1 User Commentary
28 September 2015
Case Commentary: Marley (Appellant) v Rawlings (Respondents)  UKSC 51
Whether where both parties had a reasonable argument costs were to be allocated by the rule of "loser pays" or to come out of the estate; whether costs ought to be allocated to the solicitor whose unfortunate error was responsible for the litigation; and how the court was to deal with the use of CFA's (Conditional Fee Agreements) in the Supreme Court
Before Lord Neuberger, Lord Clarke, Lord Sumption, Lord Carnwath and Lord Hodge. Lord Neuberger handed down judgment in the matter of Marley (Appellant) v Rawlings (Respondents)  UKSC 51 on 18th September 2014.
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A solicitor who had drafted two wills ("the Solicitor") had visited Mr and Mrs Rawlings for the purpose of executing their wills. The couple had accidently been presented with, and each had signed, the will intended for the other. Thus the case involved a will which on its face, appeared to be the will of Mr Rawlings’s late wife (who had predeceased him), but it had been signed by Mr Rawlings. Mr Marley was the residuary beneficiary under the will, if it was valid, whereas the two sons of Mr and Mrs Rawlings ("the respondents") would have inherited on an intestacy.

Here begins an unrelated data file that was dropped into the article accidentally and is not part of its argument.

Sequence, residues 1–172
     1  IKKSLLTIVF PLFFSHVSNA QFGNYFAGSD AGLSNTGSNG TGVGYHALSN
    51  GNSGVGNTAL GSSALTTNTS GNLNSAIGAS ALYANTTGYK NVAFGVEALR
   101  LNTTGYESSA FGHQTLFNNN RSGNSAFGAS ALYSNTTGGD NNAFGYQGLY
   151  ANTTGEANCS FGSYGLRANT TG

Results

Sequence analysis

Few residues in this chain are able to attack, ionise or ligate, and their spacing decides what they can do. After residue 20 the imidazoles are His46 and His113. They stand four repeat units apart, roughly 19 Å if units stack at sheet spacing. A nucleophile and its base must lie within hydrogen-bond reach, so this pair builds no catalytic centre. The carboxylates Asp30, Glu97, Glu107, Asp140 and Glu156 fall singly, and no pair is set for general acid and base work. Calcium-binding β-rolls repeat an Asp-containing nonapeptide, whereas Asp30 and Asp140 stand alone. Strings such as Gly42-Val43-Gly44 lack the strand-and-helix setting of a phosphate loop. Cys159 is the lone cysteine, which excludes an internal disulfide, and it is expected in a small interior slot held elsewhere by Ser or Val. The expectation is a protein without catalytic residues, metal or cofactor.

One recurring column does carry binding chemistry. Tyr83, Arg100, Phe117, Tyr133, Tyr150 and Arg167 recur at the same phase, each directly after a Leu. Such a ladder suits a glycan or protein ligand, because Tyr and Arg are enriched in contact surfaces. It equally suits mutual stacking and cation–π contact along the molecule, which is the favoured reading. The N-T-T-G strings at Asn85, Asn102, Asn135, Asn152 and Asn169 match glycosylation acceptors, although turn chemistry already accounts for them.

Judgment was given in Marley v Rawlings  UKSC 2, allowing Mr Marley's appeal.
In the Supreme Court, the respondents' solicitors and two counsel were each acting under a conditional fee agreement (a "CFA"), although they were acting on the traditional basis in the Court of Appeal and at first instance.
The issue that then arose was how the costs of the proceedings should be allocated.
The position disregarding the CFAs
Lord Neuberger stated that there was a case that Mr Marley should recover his costs from the respondents because they took their chance in hostile litigation and lost. Equally, there was a case for saying that the correct order was that the costs of all parties should be paid out of the estate, not least because the cause of the error was in the execution of the will, and the stance adopted by the respondents was far from unreasonable.
These submissions all had to be seen in the light of the fact that the value of Mr Rawlings's estate ("the estate") is in the region of £70,000.
Lord Neuberger stated the importance of noting the position of the Solicitor. There was considerable attraction in the notion that the Solicitor should bear all the costs, in the sense that it was the error of the Solicitor that caused the problem that gave rise to the proceedings. The insurers (of the solicitor) accepted liability to Mr Marley for his costs in the Court of Appeal and the Supreme Court. Further, when Mr Marley intimated that he had a claim against the Solicitor, the insurers required him to bring proceedings to seek to have the will upheld as valid.
Because an order that all parties be paid out of the estate would result in Mr Marley being able, in effect, to reconstitute the estate through a claim for damages against the Solicitor, the position was equivalent to one where the estate is very substantial in nature.